May 9, 2019 6:03 pm
Updated: May 9, 2019 7:11 pm

North Okanagan takes first step towards banning single-use plastic bags

The Regional District of the North Okanagan has given preliminary approval to a bylaw that would ban plastic checkout bags.

Global News

A ban on single-use, plastic checkout bags is being seriously considered by the Regional District of the North Okanagan.

On Wednesday, the regional district’s board of directors gave preliminary approval to a bylaw banning the plastic bags.

However, the Regional District of the North Okanagan (RDNO) announced on Thursday that they have not yet been banned, “and changes may occur to the bylaw before it is considered for final adoption.”

READ MORE: Salmon Arm moving to ban plastic bags

The regional district said at its earliest, the ban wouldn’t take effect until January 2020. But the RDNO reiterated the bylaw has only received first reading from the board, and that it takes four readings to approve a bylaw.

Notably, the regional district said four readings can take place in one meeting, but a longer timeline is taking place with this proposal to allow businesses and consumers time to prepare for this possibility.

WATCH BELOW (Aired March 4, 2019): North Okanagan plans to regulate single-use plastics

Below are questions and answers from the RDNO regarding the possible ban.

Who will the ban effect?

  • If the bylaw is approved, North Okanagan businesses will not be allowed to offer their customers plastic or biodegradable/compostable checkout bags. Customers will be encouraged to bring reusable bags with them, or expect to purchase a reusable bag or paper bag.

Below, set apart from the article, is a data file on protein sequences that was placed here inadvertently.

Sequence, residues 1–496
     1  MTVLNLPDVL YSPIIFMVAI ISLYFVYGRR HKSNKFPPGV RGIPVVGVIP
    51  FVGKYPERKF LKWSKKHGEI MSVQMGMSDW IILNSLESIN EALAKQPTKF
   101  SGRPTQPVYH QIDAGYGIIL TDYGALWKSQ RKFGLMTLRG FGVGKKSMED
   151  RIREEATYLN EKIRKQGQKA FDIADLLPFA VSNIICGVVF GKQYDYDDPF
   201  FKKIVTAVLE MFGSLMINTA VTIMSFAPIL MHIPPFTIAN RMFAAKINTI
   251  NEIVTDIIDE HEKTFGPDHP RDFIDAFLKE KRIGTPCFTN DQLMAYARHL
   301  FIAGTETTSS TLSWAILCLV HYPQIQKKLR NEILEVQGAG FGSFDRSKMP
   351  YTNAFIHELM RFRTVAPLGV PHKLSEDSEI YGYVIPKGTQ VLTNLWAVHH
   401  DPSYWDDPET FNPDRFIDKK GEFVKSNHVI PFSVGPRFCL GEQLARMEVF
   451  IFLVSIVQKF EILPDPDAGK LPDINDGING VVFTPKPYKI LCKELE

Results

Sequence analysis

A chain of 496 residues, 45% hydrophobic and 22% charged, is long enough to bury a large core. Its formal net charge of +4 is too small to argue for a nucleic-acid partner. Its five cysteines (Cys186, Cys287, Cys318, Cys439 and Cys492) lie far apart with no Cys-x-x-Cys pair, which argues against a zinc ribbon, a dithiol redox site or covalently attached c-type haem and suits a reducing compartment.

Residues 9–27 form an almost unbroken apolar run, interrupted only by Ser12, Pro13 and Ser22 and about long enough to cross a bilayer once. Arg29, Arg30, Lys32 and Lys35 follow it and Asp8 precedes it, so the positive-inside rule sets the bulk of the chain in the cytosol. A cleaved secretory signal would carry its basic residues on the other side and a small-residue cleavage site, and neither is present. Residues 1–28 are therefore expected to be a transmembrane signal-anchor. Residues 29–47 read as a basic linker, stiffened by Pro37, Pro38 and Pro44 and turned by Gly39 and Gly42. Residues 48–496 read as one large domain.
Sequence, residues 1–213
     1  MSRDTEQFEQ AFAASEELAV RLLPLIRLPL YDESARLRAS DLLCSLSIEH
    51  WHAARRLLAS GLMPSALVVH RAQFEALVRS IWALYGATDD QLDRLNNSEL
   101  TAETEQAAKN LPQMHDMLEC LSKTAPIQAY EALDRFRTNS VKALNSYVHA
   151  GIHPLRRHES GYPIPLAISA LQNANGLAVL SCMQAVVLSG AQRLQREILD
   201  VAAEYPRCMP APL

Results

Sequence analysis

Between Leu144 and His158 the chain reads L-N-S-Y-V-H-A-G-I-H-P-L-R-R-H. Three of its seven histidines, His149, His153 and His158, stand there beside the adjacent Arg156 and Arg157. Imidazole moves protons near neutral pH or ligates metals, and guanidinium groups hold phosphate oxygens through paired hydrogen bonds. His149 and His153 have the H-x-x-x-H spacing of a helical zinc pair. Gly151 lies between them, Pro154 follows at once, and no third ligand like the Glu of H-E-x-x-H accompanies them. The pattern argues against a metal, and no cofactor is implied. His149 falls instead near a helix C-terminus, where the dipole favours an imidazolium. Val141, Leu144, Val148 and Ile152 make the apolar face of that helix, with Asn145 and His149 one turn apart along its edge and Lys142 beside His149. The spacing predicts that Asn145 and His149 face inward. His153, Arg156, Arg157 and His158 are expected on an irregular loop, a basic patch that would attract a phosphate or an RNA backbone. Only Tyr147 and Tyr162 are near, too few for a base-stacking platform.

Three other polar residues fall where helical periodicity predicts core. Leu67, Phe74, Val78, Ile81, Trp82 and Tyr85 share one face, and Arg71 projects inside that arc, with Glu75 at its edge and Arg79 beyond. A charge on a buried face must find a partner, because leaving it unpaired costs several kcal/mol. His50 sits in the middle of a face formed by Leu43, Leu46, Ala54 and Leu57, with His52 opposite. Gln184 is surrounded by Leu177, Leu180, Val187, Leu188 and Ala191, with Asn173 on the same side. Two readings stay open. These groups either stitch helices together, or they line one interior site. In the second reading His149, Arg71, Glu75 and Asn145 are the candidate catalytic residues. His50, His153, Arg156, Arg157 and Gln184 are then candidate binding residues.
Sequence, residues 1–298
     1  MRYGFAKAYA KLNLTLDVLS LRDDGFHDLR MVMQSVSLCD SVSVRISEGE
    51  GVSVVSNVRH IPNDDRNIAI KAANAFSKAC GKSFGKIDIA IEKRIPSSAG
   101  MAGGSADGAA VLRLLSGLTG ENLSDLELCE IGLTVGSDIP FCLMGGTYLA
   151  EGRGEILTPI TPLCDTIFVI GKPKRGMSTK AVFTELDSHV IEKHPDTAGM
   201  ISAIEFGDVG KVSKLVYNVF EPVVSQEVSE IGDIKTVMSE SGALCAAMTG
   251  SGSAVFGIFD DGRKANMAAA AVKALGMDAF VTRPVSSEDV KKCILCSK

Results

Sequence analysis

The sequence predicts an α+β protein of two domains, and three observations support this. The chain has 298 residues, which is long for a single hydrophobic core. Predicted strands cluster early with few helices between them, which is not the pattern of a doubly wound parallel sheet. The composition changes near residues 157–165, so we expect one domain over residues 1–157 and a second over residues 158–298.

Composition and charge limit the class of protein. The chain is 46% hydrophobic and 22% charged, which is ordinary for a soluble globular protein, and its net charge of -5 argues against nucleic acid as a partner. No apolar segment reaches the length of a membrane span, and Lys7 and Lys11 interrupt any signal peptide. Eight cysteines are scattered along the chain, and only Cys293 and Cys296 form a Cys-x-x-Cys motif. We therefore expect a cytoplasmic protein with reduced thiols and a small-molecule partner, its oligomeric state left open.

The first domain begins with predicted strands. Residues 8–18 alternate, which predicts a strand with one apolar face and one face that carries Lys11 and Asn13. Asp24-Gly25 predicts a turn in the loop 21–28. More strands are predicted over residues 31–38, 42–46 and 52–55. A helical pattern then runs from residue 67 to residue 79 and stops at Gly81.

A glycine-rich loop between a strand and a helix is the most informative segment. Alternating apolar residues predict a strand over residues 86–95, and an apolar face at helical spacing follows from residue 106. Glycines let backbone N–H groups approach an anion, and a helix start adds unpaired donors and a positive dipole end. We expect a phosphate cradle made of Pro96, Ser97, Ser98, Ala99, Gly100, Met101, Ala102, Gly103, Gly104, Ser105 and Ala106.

What is a single-use checkout bag?

  • A single-use checkout bag is a plastic bag that cannot withstand 100 uses. Plastic bags marketed as “biodegradable” or “compostable” are also defined as plastic bags and included within the ban.

I reuse my plastic bags, so they are not “single-use”. Why should we ban them when they can be used time after time?

  • Single-use plastic is defined as plastic that is useable less than 100 times. Plastic checkout bags begin to degrade after each use, and are generally not usable after 100 times leading to them being thrown in the garbage or recycling.

Where will the ban be put into effect?

  • If the bylaw is approved, electoral areas and member municipalities within the RDNO boundaries will be affected. This includes: Armstrong, Coldstream, Enderby, Lumby, Spallumcheen and Vernon plus Electoral Areas B (Swan Lake, Commonage), C (BX, Silver Star), D (rural Lumby), E Cherryville) and F (rural Enderby).

What types of bags are businesses allowed to offer as checkout bags?

  • If the bylaw is approved, reusable or paper bags will be allowed as checkout bags.

How much will reusable and paper bags cost customers?

  • If the bylaw is approved, customers will be charged no less than 15 cents per paper bag and $1 per reusable bag.

Why ban plastic checkout bags? Aren’t there other single-use plastics that should be banned?

  • There are many types of single-use plastics that can also be banned. The RDNO is taking it one step at a time, and has chosen checkout bags as a starting point as they are one of the most commonly improperly recycled single-use plastics. By starting with one type of single-use plastic, there is better potential for widespread support.

Should businesses offer biodegradable or compostable checkout bags?

  • No. Plastic bags marketed as “biodegradable” or “compostable” do not degrade easily without industrial compost facilities. These products are problematic for recycling machines if they are mistaken for and mixed with conventional plastic bags.

© 2019 Global News, a division of Corus Entertainment Inc.

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